Capabilities of a Cisco 506E?

Dear Experts,

I would like to know if a Cisco 506E can do all of the following simultaneously (I have 4 useable public/global IP addresses to work with):

1. site-to-site VPN
2. client-to-site VPN using Cisco client
3. use one IP for a mail server that is running Exchange and OWA, i.e. static NAT allowing incoming 25 & 80 and insure that outgoing mail will use the same public IP as is the incoming (for Reverse DNS lookup issues).
4. use another, via NAT I assume, available public IP for Internet browsing by multiple users on the private side.

I currently have the site-to-site up and running, and have another PIX that is doing the NAT for mail and outgoing Internet Access, but would like to consolidate into just 1 box rather than two.

thanks in advance,

sgh_aba
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sgh_abaAsked:
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lrmooreConnect With a Mentor Commented:
1. Yes
2. Yes
3. Yes
4. Yes

Piece of cake for all of them simultaneously. How many internal users? Only one public server (mail/owa)?
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sgh_abaAuthor Commented:
Thanks lrmoore,

I'll be trying this tomorrow and will provide feedback ASAP if all goes well, actually regardless of how it goes.  

Yes, just one mail server with owa running on it.  Number of users at main site is 6 or 7, and at remote site that is up and running w/sitie-to-site VPN there are 2 users.

I'm beginning to believe that working at the command line, CLI, is cleaner than the PDM as when I've tried to do some things it just doesn't seem to work via the PDM.  Most likely my ignorance, but tomorrow I'm going to just use the CLI.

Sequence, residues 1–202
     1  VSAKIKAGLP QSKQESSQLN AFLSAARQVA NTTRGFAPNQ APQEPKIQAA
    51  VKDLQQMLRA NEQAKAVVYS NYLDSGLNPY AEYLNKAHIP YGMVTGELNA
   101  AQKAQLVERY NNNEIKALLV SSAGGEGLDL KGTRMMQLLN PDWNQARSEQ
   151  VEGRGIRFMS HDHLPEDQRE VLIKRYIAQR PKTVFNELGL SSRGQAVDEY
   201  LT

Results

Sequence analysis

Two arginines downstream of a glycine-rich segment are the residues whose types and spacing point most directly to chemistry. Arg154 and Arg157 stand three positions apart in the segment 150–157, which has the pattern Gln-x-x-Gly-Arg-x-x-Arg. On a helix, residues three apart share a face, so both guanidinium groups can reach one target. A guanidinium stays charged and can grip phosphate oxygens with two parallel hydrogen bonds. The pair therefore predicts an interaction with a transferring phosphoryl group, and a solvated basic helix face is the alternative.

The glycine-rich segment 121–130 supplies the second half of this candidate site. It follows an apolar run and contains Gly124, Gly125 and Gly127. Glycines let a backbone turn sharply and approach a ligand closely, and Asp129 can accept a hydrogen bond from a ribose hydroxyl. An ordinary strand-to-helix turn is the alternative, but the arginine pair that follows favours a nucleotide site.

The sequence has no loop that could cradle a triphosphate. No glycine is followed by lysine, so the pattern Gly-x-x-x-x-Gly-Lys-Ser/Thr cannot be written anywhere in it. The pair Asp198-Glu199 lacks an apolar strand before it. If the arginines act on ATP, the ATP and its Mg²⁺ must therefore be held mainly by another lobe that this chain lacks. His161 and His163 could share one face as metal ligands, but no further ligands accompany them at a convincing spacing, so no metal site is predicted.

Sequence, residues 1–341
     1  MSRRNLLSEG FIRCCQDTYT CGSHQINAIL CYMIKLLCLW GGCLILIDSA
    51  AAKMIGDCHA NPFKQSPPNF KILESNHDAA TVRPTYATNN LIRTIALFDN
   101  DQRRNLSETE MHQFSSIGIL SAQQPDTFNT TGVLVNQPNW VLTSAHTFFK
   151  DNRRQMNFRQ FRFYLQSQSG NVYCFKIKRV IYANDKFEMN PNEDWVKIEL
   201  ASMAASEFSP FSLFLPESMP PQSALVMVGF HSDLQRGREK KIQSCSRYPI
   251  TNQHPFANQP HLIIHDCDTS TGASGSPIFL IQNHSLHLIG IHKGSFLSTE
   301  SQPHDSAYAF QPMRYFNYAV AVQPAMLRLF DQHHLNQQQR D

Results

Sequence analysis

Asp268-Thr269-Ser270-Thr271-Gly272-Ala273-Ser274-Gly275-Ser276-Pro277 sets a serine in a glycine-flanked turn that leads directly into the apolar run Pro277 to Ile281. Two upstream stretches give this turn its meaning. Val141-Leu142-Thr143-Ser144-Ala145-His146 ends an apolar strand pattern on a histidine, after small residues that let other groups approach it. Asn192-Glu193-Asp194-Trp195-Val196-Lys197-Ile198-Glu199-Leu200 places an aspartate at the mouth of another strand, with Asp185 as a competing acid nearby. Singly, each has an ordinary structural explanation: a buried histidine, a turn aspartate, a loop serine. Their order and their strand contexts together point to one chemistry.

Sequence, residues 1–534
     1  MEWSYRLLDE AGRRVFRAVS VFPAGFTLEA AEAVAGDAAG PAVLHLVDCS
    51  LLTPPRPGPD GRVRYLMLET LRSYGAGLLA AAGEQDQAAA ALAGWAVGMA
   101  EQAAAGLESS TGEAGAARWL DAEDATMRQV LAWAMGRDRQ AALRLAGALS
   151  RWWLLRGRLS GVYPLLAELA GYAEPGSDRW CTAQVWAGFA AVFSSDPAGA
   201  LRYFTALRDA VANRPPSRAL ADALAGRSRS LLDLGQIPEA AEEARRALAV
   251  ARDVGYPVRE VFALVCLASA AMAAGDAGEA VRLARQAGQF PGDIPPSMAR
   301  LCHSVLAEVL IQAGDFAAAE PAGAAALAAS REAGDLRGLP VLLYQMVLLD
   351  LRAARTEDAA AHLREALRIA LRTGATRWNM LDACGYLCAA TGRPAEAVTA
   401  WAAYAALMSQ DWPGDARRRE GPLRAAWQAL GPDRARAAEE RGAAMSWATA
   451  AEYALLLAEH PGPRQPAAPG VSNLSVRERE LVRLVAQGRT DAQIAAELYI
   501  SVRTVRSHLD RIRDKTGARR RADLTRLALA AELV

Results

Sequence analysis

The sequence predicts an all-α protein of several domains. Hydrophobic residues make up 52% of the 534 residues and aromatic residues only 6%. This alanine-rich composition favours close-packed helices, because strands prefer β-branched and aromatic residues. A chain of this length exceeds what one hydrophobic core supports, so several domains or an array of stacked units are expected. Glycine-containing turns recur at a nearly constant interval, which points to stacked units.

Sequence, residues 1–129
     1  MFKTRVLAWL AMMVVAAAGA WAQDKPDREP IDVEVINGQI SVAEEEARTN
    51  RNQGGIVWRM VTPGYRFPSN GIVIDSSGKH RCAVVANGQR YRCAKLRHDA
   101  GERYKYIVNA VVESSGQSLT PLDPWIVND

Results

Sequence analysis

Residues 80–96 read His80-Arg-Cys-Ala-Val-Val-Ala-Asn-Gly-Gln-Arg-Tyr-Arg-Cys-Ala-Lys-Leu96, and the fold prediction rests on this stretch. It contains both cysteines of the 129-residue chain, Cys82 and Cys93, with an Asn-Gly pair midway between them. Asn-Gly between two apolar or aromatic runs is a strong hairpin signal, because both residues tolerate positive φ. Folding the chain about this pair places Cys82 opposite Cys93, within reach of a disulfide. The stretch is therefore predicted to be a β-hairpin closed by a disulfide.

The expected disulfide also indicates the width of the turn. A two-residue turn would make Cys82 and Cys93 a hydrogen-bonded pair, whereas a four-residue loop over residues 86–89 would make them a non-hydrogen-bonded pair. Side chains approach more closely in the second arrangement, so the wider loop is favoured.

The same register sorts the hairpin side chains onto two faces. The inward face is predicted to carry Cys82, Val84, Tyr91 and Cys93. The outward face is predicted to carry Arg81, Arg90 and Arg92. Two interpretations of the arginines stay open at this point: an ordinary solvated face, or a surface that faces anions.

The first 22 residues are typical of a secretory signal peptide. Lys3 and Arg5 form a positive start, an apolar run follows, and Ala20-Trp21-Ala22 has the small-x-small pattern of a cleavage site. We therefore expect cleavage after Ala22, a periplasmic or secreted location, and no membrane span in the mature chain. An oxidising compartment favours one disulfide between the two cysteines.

sgh_aba
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lrmooreCommented:
Good luck!
I also prefer the CLI. The PDM keeps getting better, but it is still not intuitive to do some things.
I do like the PDM VPN Wizard for both the VPN clients and the site-site VPN. Just remember to use a totally different IP subnet for your VPN clients than your local LAN, and for Pete's sake don't use 192.168.0.0/24 or 192.168.1.0/24 for anything.
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sgh_abaAuthor Commented:
Got the 506E working today with all services working properly.  Was really straight forward even though it didn't seem that things were going to work out at first until I realized that the ARP cache on the router was giving me misleading results.  i.e. ARP had the old PIX's interface MAC address for an IP address that was now being Nat-ted on the new PIX.  Once I cleared the ARP cache all changes on the pix became apparent as they should have.

Perhaps I got a strange router here but in the future I'll always check this out as it gave very misleading results...

Thanks for your help lrmoore...

sgh_aba


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